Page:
White supremacy and racial capitalism not only perpetuate racial hatred of different kinds, but they also create a certain “politics of respectability” that is based on the image of white cisgender men. This image dictates the norms of who counts as “appropriate,” “professional,” and “credible.” Neoliberal institutions make us desire that kind of respectability, even though pursuing it means internalizing colonial hierarchical thinking that validates our existence by making us think we are more superior than others, and even though such a pursuit entails self-debilitation on both psychic and emotional levels.

This politics of respectability shapes how we interact with people around us, how we teach, and how we perceive ourselves as writers and teachers. One example I can think of involves a teaching mentoring meeting I recently had with my mentees, who are three first-year instructors in our program. During the meeting we recently had, we were talking about how to rethink classroom “authority” and build trust in an online teaching environment. I wanted to address this topic in our mentoring meeting because I noticed that establishing “authority” and “respectability” became a source of anxiety for one of my mentees. We therefore discussed how the popular image of a respectable professor is often male, specifically white cisgender male, and it is almost impossible for women to fully replicate that kind of respectability. All of my three mentees are young white women, and we had to discuss what it means to be a marked person in an institutional setting that bases respectability on one’s unmarked status. 

This politics of respectability makes you talk and perform in a certain way so that you can assimilate and earn respect. The politics of respectability infiltrates many parts of higher ed institutions, creating a deeply alienating experience for Black and Indigenous people, Latinx and Asians, LGBTQA communities, people with disability, and those who are poor. In many ways, this politics of respectability operates as a form of ordinary violence that wounds our sense of being. It is an ongoing crisis that alienates us from ourselves. Shaped by neoliberal racial culture, this harmful politics of respectability, as my friend and colleague Miriam Gonzales says, is the “normative state in higher ed institutions for non-normative academics.” 

On a fundamental level, the crises I have referred to, including racial capitalism, harmful neoliebral institutions, and the politics of respectability, deprive us of attention. In other words, to live with these forms of everyday crisis means you are constantly distracted, alienated, pulled to different directions, to the point that you are burned out and are no longer able to give any attention to yourself and others. 

What I find most hurtful about these crises is that they operate in a quiet unnoticeable way. They don’t involve any spectacle or unprecedentedness, which makes it even harder to acknowledge their existence. In addition, they are normalized as part of our daily reality to the point that we reproduce certain expectations based on white cisgender male images. If we cannot achieve those expectations or respectability, we blame ourselves as the “problems.”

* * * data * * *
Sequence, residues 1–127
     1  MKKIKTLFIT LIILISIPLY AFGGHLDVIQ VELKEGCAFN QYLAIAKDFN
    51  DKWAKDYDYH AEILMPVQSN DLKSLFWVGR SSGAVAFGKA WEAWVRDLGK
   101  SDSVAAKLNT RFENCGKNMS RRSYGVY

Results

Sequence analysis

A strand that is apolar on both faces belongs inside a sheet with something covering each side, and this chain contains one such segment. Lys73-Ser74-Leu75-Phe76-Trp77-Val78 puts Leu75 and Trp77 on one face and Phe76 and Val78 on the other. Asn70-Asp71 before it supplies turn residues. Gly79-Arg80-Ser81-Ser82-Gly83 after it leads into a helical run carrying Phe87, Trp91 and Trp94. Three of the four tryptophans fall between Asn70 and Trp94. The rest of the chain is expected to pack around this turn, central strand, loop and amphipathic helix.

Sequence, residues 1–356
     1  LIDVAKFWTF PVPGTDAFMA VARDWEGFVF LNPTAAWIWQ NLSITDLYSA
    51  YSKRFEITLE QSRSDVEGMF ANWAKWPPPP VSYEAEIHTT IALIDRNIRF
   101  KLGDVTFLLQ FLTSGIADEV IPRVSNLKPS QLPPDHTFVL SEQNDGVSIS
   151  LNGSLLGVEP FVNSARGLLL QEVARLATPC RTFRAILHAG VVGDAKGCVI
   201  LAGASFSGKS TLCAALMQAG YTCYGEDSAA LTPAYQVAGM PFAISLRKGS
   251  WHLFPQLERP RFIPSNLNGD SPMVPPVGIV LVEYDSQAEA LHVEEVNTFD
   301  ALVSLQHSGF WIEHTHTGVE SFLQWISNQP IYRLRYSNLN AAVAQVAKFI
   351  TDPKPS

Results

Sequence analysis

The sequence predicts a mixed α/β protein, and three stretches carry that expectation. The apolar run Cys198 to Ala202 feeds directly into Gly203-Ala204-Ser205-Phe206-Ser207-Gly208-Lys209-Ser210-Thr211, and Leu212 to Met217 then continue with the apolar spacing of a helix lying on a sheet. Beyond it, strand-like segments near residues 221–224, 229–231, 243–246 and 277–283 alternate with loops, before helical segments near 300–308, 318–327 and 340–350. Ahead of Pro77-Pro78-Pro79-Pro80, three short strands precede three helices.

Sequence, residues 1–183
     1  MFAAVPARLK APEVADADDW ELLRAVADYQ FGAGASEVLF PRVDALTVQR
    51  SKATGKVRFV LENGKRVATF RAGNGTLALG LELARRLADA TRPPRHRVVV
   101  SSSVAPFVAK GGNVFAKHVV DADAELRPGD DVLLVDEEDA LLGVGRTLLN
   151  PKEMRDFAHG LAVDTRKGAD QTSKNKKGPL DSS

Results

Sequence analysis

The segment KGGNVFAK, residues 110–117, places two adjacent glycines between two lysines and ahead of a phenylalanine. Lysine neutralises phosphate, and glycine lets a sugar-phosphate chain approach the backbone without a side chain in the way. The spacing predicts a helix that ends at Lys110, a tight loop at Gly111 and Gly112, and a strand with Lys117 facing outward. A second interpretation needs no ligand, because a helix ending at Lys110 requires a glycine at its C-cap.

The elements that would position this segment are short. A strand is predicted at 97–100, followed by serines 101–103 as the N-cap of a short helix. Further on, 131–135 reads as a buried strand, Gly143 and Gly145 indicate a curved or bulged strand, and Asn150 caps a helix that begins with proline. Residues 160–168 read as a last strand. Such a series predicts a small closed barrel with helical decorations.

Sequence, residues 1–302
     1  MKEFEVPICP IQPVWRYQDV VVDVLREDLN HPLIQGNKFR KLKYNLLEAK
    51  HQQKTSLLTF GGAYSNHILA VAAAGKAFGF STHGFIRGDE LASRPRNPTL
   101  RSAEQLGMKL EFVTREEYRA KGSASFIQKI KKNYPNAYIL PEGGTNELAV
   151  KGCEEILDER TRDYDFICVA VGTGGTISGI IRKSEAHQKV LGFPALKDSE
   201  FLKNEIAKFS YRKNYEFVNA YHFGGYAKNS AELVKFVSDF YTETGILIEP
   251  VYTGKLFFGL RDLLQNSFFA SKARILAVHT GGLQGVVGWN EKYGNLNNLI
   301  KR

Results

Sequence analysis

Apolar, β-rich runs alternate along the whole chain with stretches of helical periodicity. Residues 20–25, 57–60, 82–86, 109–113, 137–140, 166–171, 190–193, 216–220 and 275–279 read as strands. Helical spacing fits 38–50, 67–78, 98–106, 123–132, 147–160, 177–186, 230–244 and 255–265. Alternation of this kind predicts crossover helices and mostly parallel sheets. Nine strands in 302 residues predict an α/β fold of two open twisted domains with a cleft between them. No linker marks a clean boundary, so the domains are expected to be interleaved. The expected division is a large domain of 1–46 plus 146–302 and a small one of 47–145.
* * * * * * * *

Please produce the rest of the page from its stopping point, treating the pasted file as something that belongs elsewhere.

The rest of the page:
How do we attend to ourselves when we constantly feel alienated by neoliberal institutions, or when we feel we need to achieve the kind respectability that is impossible to obtain in the first place?  How do we ever become ourselves when we always perceive ourselves from the eyes of white supremacist institutions and believe that we are the “problems” to be corrected? 

III.  Writing as Attention-Giving

It is through answering these questions that I want to think about the meaning of writing. For me, one important meaning of writing is to give attention to ourselves and the beings and things we care about. I want to highlight the role of attention here because the global pandemic and the current political climate in the United States create a particular economy of attention that makes it difficult to attend to our physical and mental health, as well as our feelings. In many of the institutional settings, including a graduate program, a seminar room, a corporate workplace, or a town hall, it is very difficult to attend to and talk about our negative feelings generated by racial structure and neoliberal professionalism. And quite often, our inability to talk about our feelings has to do with the violence and politics of respectability. 

Those negative feelings can range from a sense of inadequacy, intimidation, and anger, to depression, melancholy, or the feeling of being constantly measured, dehumanized, and dismissed. In her collection of essays, poet Cathy Park Hong calls these feelings minor feelings. According to her,

Minor feelings occur when American optimism is enforced upon you, which contradicts your own racialized reality, thereby creating a state of cognitive dissonance. […] Minor feelings are also the emotions we are accused of having when we decide to be difficult–in other words, when we decide to be honest. When minor feelings are finally externalized, they are interpreted as hostile, ungrateful, jealous, depressing, and belligerent, affects ascribed to racialized behavior that white people consider out of line. Our feelings are overreactions because our lived experiences of structural inequality are not commensurable with their deluded reality. 

Minor Feelings: An Asian American Reckoning, 56-57.